In terms of success, Rush guitarist Alex Lifeson has done it all. Not only was he an essential part of one of the most successful and influential bands of all time, but he’s also one of guitar playing’s all-time greats. Not finished there with the distinction, he’s also a noted multi-instrumentalist and has had many exploits outside of the Canadian trio. As a testament to his and the group’s brilliance, in 2013, Lifeson and Rush bandmates Geddy Lee and Neil Peart were inducted into the Rock and Roll Hall of Fame.

From 1976’s 2112 to 1991’s Roll the Bones, Rush have many acclaimed albums to their name, so it makes sense that the question of which is Lifeson’s favourite has abounded for years. Eventually, in 2021 he answered it.

When speaking to Make Weird Music, he named one of their most lauded efforts, 1981’s Moving Pictures, his choice, definitively saying that it “was by far the greatest record that we made.”

Lifeson recalled that the trio had a great time making Moving Pictures and that everything “fell into place” for it. Ultimately, he believes the great vibe when writing and recording it led to its success. After all, the album features classics such as ‘Tom Sawyer‘ and ‘YYZ’. It’s a classic.

Lifeson said: “Moving Pictures was by far the greatest record that we made. And, from our perspective, we had such a great time making that record. We were in a great space, we spent the summer working fairly close to Toronto – to home – writing it.”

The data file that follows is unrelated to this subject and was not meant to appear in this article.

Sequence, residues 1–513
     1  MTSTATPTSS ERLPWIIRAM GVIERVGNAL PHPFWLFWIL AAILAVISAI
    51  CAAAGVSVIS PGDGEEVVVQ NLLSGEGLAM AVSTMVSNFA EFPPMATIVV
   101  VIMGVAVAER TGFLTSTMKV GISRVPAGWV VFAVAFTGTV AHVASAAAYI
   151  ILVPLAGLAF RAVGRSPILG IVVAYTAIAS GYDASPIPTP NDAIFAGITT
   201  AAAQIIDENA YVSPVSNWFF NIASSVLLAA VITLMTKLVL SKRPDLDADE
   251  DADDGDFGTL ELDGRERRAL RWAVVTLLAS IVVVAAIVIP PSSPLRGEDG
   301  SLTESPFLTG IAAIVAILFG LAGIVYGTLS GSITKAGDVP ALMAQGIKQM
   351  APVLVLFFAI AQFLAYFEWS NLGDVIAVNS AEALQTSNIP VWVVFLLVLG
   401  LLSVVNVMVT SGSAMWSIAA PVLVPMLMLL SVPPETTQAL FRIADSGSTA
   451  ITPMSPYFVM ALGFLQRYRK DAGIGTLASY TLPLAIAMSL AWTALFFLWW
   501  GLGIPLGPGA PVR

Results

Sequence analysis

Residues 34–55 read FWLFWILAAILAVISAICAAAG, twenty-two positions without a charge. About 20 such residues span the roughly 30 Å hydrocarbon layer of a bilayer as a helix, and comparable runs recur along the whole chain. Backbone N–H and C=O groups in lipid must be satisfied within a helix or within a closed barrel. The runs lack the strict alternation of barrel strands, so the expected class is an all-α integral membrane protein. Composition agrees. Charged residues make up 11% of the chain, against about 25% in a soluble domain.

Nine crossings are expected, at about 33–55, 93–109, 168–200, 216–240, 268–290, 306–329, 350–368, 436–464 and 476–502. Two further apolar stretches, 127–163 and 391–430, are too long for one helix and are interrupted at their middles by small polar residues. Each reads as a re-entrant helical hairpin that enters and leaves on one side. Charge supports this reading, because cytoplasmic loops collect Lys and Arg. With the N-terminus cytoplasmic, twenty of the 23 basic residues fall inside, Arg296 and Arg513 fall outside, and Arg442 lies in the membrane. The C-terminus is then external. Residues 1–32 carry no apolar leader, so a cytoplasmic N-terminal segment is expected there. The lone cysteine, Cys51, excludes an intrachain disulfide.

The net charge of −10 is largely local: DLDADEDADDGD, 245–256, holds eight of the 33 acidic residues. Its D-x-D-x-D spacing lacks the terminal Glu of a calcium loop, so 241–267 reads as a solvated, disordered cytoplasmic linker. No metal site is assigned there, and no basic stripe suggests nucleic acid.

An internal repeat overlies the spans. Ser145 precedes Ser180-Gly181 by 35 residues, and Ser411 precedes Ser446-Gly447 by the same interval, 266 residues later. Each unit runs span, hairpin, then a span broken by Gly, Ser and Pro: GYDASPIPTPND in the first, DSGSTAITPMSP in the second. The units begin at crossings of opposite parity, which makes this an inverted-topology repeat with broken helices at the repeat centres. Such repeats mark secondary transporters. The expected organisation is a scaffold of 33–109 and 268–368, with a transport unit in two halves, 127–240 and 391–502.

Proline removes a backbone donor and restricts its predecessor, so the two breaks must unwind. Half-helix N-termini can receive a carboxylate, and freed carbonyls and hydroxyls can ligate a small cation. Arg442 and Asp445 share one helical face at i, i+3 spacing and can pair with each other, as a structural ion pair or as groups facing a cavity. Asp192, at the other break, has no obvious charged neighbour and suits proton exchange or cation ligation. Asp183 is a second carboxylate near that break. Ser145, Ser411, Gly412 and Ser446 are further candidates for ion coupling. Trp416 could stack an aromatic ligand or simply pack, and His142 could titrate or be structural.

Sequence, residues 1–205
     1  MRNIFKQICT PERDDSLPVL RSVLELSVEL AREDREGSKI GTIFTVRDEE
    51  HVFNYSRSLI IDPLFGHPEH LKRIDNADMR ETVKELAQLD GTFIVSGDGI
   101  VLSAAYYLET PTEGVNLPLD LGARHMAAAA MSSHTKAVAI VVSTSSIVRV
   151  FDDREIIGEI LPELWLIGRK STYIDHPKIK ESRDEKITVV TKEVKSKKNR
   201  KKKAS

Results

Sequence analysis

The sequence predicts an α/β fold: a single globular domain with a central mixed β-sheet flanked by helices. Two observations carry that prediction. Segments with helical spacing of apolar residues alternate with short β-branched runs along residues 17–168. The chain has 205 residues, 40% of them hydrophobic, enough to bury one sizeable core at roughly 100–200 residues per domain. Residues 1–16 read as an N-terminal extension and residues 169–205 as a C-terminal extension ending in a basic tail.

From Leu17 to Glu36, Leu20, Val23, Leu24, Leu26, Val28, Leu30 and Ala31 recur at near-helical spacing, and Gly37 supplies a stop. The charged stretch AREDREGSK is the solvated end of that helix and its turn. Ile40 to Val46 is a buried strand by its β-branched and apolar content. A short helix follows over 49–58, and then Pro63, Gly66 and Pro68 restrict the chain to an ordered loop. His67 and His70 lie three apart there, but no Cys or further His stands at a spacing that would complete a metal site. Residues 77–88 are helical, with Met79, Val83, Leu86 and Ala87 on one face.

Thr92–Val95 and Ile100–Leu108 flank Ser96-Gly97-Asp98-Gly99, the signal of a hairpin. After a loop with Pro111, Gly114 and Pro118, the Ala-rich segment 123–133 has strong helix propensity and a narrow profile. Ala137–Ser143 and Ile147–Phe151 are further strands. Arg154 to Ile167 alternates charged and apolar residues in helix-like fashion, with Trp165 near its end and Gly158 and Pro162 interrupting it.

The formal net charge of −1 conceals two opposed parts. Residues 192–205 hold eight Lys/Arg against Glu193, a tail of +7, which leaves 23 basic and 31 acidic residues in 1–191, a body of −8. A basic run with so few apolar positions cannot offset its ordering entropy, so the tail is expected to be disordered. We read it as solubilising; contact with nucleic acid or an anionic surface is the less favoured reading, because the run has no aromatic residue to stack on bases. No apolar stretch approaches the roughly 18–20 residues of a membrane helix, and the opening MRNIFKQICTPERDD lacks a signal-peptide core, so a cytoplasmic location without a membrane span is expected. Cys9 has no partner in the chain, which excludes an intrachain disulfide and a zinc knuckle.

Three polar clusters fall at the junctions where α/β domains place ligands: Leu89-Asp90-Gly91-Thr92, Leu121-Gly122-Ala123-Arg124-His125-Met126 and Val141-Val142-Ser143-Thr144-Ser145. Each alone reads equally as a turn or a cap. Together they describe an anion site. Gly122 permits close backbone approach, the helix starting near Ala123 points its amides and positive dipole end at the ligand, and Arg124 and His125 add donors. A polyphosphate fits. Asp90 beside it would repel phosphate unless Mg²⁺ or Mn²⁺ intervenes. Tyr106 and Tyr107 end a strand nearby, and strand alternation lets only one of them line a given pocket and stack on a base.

“When we went to the studio and started recording, everything about it fell into place. We really, really enjoyed the experience. I thought the material was strong and all that stuff. But the recording process itself was really a lot of fun, and for the most part quite smooth. And that doesn’t happen really very often. I could tell you horror stories about Grace Under Pressure — that was so difficult to make, and Vapor Trails.”

Explaining what made Moving Pictures such a joy, Lifeson continued: “But Moving Pictures was really a delight. When we came to ‘Vital Signs’ song, and I have to jog my memory. We had songs on the record like ‘YYZ’ and ‘Limelight’ and ‘Tom Sawyer’ that were pretty big, rock, traditional rock songs. Maybe a little more concise than our previous writing as we were moving into that kind of writing economy that we sort of moved into from the late ’70s.”

“But when we came to that, it was just really different in the way we arranged it and put it together. Starting with the sequencer and having that part, and working out a guitar part above that, around that, and Neil was really into that kind of a drum approach. To that ska sort of thing, more reggae-ish. And when I say reggae, I mean modern white reggae.”

The Rush guitarist concluded: “He was really looking forward to that, and he was messing around with electronic drums at the time too. So it all became a part of this little exploration, and it touched on certain things that were coming to the world from that point forward. So that’s really it, I don’t really remember too much else about it.”


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